He pulled the book off the shelf, and a grin spread across his face.
"This one!! This kid at my school has it. It is SOOOOO funny!"
Seriously? Captain Underpants? In this whole "City of Books", that's the one he finds?
As an English teacher, I cringed. I had read The Adventures of Captain Underpants when it first came out, searching for low-level, high-interest books for the boys in my remedial middle school class. And while that book's particular brand of potty humor, negative adults, slightly disrespectful heroes, and minor violence wasn't my thing, it certainly worked for some of my students who had never read a book on their own before. But I thought it would be long-forgotten by the time I had my own children who were ready to read on their own.
I was wrong. There are now twelve of them. And my six year old wanted one desperately. So I pulled the old, "You can spend your own money on it, or we can check it out from the library." The little miser went for the library.
That afternoon we headed to our local branch where he decided to check out not just one, but three Captain Underpants books. The moment we got home, he curled into the couch and began reading. Now, to this point, he's read a lot of picture books and magazines on his own, and parts of chapter books with us, but never a whole chapter book on his own. For the next hour, he didn't move. He'd shout out, "Finished chapter 6!" or laugh gleefully at a silly joke or illustration. Only going for a family hike tore him away from the book, and he picked it back up the moment we walked in the door.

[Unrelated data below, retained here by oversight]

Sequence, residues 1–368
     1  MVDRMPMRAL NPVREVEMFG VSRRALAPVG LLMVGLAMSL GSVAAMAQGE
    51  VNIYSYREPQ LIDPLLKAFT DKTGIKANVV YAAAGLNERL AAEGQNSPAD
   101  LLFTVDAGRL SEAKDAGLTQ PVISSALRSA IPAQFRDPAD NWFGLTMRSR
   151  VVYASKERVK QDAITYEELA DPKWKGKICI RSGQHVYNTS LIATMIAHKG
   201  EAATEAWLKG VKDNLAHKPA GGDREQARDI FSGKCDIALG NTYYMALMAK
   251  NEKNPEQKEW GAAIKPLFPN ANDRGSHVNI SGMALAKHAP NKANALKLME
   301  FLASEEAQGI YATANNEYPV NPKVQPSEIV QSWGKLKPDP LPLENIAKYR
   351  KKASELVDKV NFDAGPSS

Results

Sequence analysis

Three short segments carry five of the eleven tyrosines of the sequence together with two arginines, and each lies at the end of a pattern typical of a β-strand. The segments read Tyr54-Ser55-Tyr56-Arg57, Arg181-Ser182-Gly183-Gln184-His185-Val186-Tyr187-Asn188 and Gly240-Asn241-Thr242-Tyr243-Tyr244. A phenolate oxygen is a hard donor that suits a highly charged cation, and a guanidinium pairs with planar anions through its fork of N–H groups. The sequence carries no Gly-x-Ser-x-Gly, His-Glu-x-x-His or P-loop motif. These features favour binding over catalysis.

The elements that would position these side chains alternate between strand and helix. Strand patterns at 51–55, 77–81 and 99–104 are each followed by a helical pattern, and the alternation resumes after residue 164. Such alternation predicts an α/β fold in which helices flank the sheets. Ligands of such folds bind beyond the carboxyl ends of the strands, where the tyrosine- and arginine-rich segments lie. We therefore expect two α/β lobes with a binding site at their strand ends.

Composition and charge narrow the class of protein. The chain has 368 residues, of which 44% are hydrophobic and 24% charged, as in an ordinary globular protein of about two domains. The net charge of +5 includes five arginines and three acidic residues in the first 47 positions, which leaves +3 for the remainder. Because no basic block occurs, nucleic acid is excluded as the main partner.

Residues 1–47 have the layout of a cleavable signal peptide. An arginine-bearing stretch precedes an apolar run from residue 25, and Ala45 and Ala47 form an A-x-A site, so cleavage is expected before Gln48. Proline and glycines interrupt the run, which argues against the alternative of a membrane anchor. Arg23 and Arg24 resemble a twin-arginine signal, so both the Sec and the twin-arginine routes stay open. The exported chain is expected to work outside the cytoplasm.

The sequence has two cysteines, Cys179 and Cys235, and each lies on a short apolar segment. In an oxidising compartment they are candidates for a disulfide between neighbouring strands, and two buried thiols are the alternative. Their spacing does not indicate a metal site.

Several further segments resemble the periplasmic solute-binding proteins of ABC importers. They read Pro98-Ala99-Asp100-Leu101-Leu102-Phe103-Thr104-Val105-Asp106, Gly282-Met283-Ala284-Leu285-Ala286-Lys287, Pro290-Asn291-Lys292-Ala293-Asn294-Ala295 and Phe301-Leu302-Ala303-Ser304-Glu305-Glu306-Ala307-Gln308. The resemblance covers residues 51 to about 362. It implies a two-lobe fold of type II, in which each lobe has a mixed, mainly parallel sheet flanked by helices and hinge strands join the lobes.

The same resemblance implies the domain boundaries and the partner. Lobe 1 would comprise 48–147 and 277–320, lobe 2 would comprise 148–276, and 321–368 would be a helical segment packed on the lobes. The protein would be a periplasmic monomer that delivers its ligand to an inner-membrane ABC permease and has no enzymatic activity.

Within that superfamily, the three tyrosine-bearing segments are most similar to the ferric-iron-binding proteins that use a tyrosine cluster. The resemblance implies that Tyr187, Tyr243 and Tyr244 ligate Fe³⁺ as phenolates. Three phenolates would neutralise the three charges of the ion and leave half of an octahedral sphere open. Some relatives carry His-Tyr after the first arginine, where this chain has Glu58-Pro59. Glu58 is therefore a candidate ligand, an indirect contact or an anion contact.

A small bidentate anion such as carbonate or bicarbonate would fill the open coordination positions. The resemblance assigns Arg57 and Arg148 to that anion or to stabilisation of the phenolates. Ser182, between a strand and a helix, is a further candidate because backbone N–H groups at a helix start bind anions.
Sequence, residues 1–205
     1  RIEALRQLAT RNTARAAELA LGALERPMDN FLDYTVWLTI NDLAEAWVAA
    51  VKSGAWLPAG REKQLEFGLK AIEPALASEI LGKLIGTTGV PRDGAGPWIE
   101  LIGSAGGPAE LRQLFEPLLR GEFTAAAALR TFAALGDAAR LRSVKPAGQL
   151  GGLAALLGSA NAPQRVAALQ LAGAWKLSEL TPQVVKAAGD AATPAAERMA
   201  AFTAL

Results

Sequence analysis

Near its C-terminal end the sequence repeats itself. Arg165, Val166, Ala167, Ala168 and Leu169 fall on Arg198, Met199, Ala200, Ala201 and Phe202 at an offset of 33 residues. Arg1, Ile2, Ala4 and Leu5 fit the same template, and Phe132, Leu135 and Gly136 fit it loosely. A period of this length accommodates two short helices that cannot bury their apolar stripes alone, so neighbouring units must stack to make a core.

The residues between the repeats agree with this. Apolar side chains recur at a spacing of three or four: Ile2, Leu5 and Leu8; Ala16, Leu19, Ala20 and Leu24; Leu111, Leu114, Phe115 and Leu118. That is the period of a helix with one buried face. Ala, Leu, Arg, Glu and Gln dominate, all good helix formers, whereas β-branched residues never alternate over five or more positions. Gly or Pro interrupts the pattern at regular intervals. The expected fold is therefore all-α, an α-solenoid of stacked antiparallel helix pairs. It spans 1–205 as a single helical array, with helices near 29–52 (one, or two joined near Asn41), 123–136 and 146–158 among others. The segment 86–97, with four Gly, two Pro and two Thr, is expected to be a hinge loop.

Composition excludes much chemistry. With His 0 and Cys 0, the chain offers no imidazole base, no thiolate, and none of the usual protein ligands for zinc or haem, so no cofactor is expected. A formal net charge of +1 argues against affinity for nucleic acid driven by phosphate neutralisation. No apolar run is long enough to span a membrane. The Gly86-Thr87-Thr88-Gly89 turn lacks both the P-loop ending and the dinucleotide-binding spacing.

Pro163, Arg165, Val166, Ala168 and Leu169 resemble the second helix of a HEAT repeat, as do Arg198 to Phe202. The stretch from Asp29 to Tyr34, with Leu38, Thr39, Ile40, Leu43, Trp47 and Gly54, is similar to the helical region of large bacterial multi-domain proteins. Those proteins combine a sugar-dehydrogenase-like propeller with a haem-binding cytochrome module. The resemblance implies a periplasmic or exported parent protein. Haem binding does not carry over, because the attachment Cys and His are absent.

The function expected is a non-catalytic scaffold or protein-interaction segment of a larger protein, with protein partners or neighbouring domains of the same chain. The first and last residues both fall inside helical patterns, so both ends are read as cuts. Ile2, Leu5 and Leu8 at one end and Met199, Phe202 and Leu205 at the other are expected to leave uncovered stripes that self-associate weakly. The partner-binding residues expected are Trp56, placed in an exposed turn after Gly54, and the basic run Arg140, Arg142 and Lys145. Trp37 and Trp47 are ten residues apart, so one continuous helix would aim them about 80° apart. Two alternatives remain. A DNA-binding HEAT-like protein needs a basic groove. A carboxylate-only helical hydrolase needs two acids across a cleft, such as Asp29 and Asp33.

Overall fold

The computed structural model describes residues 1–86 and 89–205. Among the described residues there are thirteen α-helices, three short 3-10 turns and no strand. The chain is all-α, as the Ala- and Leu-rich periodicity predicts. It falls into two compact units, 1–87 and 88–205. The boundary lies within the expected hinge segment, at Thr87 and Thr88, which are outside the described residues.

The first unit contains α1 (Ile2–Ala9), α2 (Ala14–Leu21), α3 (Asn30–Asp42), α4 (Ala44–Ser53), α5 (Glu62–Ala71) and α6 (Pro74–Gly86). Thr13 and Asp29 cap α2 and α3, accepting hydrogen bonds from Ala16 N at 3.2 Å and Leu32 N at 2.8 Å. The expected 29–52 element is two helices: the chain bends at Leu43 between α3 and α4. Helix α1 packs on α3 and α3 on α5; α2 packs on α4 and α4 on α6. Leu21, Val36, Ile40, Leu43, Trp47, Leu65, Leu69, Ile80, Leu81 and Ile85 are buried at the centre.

He read until bedtime, and finished the first book. While in bed, he began the second, and finished it before school began this morning. The third was wrapped up right before dinner time tonight. Did he correctly read and understand every word? Nope. But he understood enough to delight in retelling the stories to us over dinner. And they had him hooked in a serious way.
I had struggled with whether these books were appropriate for our family. We're not fans of potty talk, and the way that many of the adults are the enemy sets up an us vs. them mentality that I would prefer to avoid. They certainly aren't fine literature. But I decided to let it go. We talked at dinner about role models, and discussed whether the main characters qualified. We listened as he shared his favorite parts, and asked lots of questions. And most importantly, he was reading. On his own. A lot.
And then, tonight, my reluctant writer sat down at the kitchen counter and began to draw his own comic strip, like the characters in the book. There's no potty talk, no evil grown-ups, no violence. It's about a castle and a super hero. And he's loving it.
So, here's a begrudging thank you, Captain Underpants. You're welcome back any time.